SST+macronix patches for flashrom on X60/T60

These binaries are referenced in the documentation currently not actually available and the build system (lbmk) does not produce them.

Warnings about option ROMs

They’re bad because they’re non-free. They violate the four freedoms. Libreboot enables automatic loading of PCI option ROMs in some setups, simply for the purpose of technical correctness, because there’s no rule that says an option ROM must be non-free. It’s possible that an option ROM might actually be free software.

Banning option ROMs in Libreboot desktops would be like banning all software from executing in an operating system, just because those programs might be non-free.

Instead, the correct solution ethically is to just tell people not to use non-free software, and for the libreboot project to never directly recommend, distribute or document non-free software.

Use coreboot’s memtest86+ fork

The current version used does build, but it doesn’t run, or it glitches out. That version of memtest is designed to be run on a normal BIOS system, so it might actually work with the SeaBIOS payload, but we want to use a memtest version that is guaranteed to work on bare metal, which is more common on Libreboot systems.

Gemini site for libreboot

Gemini is a popular alternative to the web. See: https://gemini.circumlunar.space/

I’ve noticed a lot of projects starting to offer this, in addition to a regular website.

pandox2gem i’m told is a good tool that could integrate with the current static site generator, which uses pandoc (the pages are written in markdown)

Tor site for libreboot

hidden onion service

host it separately from the main site, on a different server. that way, there is another website just in case

2nd HTTP site

Have different DNS records for ns2. specifically, different IPv4+6 for the site. When the main ns1 is down, the new website will kick in. (ns1 and ns2 are both currently hosted on the same network as the website)

i2p site

I probably won’t, but someone is welcome to do this and libreboot.srht.site will link to it

Fix GRUB bugs

Many of these bugs only happen in bare metal, and only on devices supported by libreboot. See:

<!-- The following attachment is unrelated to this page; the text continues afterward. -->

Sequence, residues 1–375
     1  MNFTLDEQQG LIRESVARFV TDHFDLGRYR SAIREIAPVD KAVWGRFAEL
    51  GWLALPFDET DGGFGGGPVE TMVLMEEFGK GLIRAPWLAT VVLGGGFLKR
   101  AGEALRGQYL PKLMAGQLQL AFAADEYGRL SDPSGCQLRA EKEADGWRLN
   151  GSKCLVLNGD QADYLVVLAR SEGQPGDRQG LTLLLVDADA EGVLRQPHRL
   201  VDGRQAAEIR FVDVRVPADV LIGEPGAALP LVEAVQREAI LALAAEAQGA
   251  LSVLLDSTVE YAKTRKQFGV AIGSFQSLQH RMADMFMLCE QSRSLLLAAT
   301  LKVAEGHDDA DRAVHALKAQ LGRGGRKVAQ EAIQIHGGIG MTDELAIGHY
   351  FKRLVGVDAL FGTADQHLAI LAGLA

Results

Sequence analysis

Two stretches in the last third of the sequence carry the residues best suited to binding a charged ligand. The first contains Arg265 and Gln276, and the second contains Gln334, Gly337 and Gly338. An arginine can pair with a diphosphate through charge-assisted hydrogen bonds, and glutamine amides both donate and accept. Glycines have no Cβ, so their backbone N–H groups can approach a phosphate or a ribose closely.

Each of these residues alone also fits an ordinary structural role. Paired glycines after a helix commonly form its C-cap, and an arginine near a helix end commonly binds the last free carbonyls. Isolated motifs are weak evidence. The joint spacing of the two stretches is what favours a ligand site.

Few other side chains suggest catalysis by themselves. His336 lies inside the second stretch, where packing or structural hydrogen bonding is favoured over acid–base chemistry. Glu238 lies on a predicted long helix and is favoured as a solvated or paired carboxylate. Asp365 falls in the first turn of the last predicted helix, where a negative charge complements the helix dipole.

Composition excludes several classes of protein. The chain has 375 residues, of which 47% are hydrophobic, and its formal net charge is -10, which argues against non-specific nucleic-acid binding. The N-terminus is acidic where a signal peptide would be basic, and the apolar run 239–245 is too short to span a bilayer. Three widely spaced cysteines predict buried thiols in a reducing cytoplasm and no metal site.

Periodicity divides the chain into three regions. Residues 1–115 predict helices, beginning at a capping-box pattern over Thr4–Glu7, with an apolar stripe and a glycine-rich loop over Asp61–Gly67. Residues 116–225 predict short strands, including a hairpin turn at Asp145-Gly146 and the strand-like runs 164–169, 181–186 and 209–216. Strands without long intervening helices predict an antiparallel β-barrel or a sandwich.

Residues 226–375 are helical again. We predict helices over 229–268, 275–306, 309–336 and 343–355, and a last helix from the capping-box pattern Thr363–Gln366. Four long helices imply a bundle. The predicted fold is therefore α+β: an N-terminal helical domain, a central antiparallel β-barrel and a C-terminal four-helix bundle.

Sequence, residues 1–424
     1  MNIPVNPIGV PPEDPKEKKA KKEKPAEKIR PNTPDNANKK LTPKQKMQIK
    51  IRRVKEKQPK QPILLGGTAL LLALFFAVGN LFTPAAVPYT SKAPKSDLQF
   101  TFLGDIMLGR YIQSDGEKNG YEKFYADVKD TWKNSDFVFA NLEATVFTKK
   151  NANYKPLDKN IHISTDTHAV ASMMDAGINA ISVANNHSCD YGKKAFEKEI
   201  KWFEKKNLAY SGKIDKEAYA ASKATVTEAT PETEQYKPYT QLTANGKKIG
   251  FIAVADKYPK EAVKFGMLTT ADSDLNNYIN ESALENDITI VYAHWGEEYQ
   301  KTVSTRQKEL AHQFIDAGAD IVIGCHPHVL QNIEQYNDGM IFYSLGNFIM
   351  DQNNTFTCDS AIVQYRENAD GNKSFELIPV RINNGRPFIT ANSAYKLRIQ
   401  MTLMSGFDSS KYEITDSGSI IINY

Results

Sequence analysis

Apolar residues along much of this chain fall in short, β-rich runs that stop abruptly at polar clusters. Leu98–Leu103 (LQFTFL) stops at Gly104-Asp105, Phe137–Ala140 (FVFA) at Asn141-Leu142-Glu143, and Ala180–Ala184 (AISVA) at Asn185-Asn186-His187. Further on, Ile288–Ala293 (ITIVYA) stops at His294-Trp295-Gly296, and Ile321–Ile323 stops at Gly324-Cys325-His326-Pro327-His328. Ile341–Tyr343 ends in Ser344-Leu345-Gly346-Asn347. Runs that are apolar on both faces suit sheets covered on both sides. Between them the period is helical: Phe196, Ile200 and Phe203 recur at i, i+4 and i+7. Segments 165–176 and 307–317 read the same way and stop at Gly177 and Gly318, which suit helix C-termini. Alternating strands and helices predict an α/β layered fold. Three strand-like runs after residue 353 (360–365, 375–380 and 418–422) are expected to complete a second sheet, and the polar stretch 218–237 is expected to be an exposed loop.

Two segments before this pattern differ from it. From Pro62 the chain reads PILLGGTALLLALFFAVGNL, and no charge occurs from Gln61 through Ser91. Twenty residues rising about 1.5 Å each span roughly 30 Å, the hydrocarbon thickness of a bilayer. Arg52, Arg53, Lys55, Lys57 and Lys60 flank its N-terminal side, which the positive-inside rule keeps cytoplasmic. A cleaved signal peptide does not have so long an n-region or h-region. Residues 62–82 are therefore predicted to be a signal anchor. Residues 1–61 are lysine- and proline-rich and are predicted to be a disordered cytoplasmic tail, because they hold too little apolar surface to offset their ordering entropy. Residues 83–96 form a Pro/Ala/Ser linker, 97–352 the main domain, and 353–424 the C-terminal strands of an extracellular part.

Security patch: spectre MSR fixes for Fam15h boards

See: http://web.archive.org/web/20210510214458/https://notabug.org/libreboot/libreboot/issues/440

Document teensy SPI flasher

The following page has information, which can be assimilated: https://trmm.net/SPI_flash/

Also see: https://www.flashrom.org/Teensy_3.1_SPI_%2B_LPC/FWH_Flasher

Also see this interesting firmware here: https://github.com/urjaman/frser-teensyflash
NOTE: i’ve made a local git clone of this

TODO: document use of schottky diode for VCC on SPI flash (ISP)

this type of diode has minimal voltage drop. most flashes run close to their specified 3.3v, sometimes a bit higher, but the tolerated range is between 2.7 and 3.6v

notes about use of a diode is already specified in the external flashing guide but those notes should be improved

Document alternative external flashing method for X200S/X200T

GNUtoo wrote this interested guide: https://framagit.org/GNUtoo/coreboot-scripts/-/tree/master/flash-wson8

It still requires external flashing, but no soldering.

TODO: what about bucts? the bootblock is protected by PR4, but is it possible to use BUCTS and init from another bootblock?

NOTE TO SELF: a local git clone has been made of the above

Handle SATA power in ultrabay on gm45 thinkpads

See: http://web.archive.org/web/20201022210929/https://notabug.org/libreboot/libreboot/issues/484

document serial/lpt/pcie bus enable/disable on GA-G41M-ES2L

See: http://web.archive.org/web/20210510214317/https://notabug.org/libreboot/libreboot/issues/469

This might be why graphics cards and add-on network cards didn’t work on mine, last time i tested it. it’s a config option that must be enabled in coreboot?

Document quad-core mods on GM45 thinkpads

NOTE: MAX_CPUS=4 is now the default, in coreboot, for these machines.

There’s a mod for T500 thinkpads, but it will work on any gm45 thinkpad supported in libreboot. Just have to study the schematics and boardview, then adapt the info available online for T500.

NOTE: max CPUs has to be set in coreboot

Document a clean way to do it. The current guides online have you drilling holes in the CPU socket! That’s why they won’t be linked here.

Some notes are already written here. expand upon them: http://web.archive.org/web/20210307234010/https://notabug.org/libreboot/libreboot/issues/340